After Labor Day I go for my annual physical check up. As the years roll on inexorably, I must confess that I look forward to this ritual, and I don’t mind taking the train to Crestwood (2 stops beyond Bronxville). Actually, I must confess that I really enjoy the trek from the train station to my doctor’s office—it’s all uphill and good for the heart.
Besides the physical activity, I do a little thinking, passing in review the main events of the year just gone by, and what I should confess to the good doctor: that my prostate is acting up, that my right shoulder grates when I get up in the mornings, that my acid reflux woke me in the middle of the night, or should I omit that I’ve discovered two Cuban restaurants which serve pork chops in red sauce that’s out of this world? Wrong choice of words: let the chops be out of this world, but not me!
“Inhale,” “cough,” “ …lean over…smooth as a pebble,” “…5 pounds overweight.” And so on—the good doctor rambles on. Meanwhile, I am anticipating his next step: “ …a little blood.”
A few days later he calls me and gives me a reading of my php and cholesterol level. Php I understand well since he’s treating me for an enlarged Prostate gland, but cholesterol?
Because I don’t want to take the good man’s time, nor to show my ignorance, I simply mumble a few words and “ahems” and thank him profusely. This year, though, he said my cholesterol level was “borderline.’ That set off a few bells in my head.
Not knowing about cholesterol is bad enough, but not attempting to learn about it is even worse; so I did a little research— which I will share with you.
What is cholesterol?
Cholesterol is a soft, waxy substance found in all parts of the body. It’s a type of fat. Your body makes some cholesterol, and some cholesterol comes from the food you eat.
To work well, your body needs a little bit of cholesterol, but too much cholesterol can clog your arteries and lead to heart disease. Gulp! So what’s too much? Before we can answer this question we have to distinguish between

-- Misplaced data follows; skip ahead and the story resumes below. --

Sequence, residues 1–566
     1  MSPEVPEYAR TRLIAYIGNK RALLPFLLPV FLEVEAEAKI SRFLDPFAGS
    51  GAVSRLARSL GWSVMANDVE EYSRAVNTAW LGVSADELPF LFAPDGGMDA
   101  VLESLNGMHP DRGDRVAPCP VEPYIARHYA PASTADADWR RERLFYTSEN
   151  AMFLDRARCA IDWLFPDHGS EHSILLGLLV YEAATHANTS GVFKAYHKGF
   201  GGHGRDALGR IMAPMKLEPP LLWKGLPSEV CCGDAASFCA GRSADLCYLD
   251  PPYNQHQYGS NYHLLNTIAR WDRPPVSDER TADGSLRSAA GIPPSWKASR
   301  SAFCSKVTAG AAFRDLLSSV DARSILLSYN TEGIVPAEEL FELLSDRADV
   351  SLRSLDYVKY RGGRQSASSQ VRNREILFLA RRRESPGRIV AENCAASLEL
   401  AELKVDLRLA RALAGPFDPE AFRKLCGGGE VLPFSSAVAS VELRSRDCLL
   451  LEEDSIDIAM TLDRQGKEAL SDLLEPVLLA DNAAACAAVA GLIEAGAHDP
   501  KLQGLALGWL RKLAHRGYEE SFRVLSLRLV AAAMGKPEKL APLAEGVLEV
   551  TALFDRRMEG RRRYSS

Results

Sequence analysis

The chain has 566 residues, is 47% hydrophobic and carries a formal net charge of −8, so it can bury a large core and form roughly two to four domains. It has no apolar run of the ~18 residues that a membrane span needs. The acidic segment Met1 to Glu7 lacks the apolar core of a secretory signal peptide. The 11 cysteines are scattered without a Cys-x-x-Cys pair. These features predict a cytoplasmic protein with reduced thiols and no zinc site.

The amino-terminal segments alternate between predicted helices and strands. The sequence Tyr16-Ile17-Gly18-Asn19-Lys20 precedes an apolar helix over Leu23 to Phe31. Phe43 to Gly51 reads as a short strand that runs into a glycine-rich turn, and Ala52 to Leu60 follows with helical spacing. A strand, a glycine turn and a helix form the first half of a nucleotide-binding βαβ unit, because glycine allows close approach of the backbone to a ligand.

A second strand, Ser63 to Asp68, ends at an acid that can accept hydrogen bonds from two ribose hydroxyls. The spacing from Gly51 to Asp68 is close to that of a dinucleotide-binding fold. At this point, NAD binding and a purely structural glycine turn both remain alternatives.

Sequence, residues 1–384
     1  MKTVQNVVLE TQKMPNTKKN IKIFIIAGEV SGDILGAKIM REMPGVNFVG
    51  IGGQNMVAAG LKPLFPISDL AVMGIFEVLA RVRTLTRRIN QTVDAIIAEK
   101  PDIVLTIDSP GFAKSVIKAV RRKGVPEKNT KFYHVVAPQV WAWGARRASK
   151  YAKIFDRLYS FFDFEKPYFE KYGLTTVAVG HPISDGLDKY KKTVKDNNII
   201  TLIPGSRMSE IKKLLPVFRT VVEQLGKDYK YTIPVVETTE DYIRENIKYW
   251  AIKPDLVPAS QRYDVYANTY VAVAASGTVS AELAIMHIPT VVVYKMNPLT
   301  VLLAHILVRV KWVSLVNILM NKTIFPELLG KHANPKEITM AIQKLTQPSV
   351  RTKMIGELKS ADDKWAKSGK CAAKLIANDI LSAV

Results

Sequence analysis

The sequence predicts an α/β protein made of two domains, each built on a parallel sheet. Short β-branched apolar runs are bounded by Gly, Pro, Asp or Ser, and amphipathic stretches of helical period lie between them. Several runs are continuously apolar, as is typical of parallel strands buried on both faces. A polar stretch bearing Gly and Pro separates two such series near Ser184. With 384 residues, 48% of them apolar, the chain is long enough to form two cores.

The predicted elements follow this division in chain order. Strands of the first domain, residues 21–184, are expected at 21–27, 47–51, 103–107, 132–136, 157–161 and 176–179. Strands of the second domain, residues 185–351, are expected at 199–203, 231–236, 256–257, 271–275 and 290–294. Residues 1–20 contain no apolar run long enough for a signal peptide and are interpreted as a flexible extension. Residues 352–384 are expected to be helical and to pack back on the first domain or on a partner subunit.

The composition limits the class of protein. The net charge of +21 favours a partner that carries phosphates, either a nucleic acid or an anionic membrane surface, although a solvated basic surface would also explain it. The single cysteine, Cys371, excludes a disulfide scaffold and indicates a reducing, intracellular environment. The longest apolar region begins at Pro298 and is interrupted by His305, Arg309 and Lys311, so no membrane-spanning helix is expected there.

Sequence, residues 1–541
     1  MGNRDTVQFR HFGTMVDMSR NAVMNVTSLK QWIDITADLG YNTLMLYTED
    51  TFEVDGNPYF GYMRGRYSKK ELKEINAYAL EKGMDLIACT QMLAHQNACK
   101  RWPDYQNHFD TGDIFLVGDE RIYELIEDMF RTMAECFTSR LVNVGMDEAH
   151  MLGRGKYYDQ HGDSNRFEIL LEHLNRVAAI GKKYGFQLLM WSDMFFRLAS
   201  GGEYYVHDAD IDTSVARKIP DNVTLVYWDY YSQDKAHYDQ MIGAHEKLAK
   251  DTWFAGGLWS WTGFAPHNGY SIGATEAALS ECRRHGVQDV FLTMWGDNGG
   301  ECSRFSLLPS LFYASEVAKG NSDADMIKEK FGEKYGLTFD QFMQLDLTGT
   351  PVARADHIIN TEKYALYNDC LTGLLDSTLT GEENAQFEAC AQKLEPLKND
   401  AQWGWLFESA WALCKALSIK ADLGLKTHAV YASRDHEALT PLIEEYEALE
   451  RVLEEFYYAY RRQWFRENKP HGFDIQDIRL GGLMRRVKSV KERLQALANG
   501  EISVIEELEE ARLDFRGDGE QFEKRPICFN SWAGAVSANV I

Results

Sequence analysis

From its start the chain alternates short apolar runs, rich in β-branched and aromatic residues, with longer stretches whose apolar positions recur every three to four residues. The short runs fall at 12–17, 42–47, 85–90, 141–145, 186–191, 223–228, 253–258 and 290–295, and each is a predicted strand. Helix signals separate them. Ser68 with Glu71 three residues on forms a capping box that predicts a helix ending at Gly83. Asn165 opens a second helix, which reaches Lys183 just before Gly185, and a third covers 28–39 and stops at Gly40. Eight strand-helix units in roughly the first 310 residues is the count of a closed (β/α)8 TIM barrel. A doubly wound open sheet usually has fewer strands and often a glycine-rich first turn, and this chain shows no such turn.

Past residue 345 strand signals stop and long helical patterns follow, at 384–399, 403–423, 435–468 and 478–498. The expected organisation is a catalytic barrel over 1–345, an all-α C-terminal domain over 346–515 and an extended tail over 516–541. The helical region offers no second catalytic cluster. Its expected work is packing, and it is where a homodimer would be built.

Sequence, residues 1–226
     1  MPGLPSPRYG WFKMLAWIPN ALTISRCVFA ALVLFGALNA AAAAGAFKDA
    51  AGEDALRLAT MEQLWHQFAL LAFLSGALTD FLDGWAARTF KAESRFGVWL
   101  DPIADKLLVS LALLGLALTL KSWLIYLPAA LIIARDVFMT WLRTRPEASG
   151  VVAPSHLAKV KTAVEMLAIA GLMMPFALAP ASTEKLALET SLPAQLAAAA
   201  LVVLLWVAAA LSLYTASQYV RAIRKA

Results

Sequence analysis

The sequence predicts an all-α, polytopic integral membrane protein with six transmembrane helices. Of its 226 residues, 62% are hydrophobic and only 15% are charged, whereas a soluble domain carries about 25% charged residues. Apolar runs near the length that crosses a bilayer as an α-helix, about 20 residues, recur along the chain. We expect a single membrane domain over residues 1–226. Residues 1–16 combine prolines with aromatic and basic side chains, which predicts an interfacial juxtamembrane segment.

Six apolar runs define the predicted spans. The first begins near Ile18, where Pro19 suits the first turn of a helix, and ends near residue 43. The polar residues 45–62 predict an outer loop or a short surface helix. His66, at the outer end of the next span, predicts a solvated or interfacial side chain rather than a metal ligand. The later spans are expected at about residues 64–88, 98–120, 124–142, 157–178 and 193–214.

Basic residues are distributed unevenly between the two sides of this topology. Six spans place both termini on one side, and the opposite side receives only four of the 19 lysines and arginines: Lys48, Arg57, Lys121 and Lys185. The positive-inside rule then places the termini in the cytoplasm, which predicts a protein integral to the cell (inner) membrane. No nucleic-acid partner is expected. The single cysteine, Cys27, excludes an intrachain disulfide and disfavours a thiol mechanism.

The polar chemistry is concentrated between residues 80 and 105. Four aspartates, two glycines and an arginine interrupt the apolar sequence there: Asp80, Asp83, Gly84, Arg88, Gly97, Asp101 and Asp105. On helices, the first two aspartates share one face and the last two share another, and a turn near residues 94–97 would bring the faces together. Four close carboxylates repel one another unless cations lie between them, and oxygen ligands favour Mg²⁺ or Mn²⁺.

• HDL — "good" cholesterol
• LDL — "bad" cholesterol
Cholesterol helps the body produce hormones, bile acid, and vitamin D; and moves through the bloodstream to be used by all parts of the body.
LDL is bad because it builds up in the wall of your arteries and forms plaque, which in turn can cause a narrowing of the arteries. Right away I pictured a sand hour glass. The fact is that enough of this infamous plaque can not only slow the flow of blood but also block it, depriving your heart, brain, and other organs of that much needed blood. High LDL can cause a stroke.
HDL or “good” cholesterol keeps the bad one from building up in the arteries.
What is “borderline” level?
• Less than 200 mg/dL: Desirable
• 200-239 mg/dL: Borderline-High Risk
• 240 mg/dL and over: High Risk
• Low HDL (‘good’) cholesterol (less than 40 mg/dL for men, less than 50 mg/dL for women) puts you at higher risk for heart disease. While the “bad” cholesterol needs to be kept low, the “good” should be upped.
In general, your risk of developing heart disease or atherosclerosis goes up as your level of blood cholesterol increases.
To determine how your cholesterol levels affect your risk of heart disease, your doctor will also take into account other risk factors such as age, obesity, family history, smoking and high blood pressure.
Cholesterol is found in eggs, dairy products, meat, and poultry. Egg yolks and organ meats (liver, kidney, sweetbread, and brain) are high in cholesterol. Fish generally contains less cholesterol than other meats, but some shellfish are high in cholesterol. Repeat: cholesterol is found only in foods of animal origin.
Foods of plant origin (vegetables, fruits, grains, cereals, nuts, and seeds) contain no cholesterol.
Fat content is not a good measure of cholesterol content. For example, liver and other organ meats are low in fat, but very high in cholesterol.
• eat foods low in cholesterol and saturated fat and free of trans fat
• maintain a healthy weight
• be physically active
Since more than half of the adult population has blood cholesterol levels higher than the desirable range, and not everyone has a stroke, we can assume that there are some other factors besides cholesterol that also cause strokes.
A school of physicians do not subscribe to cholesterol as a villain, and believe that inflammation of the heart is the real cause of strokes--not cholesterol. Click this link to learn more about inflammation of the heart; you'll be surprised as I was!
Since Aspirin is an anti inflammatory, I take 1 table every other day. So, I watch what I eat, watch my weight, walk 2 miles a day, and never skip my annual checkup.
The writing techniques I employ in this article are all explained in Mary Duffy's writing manual: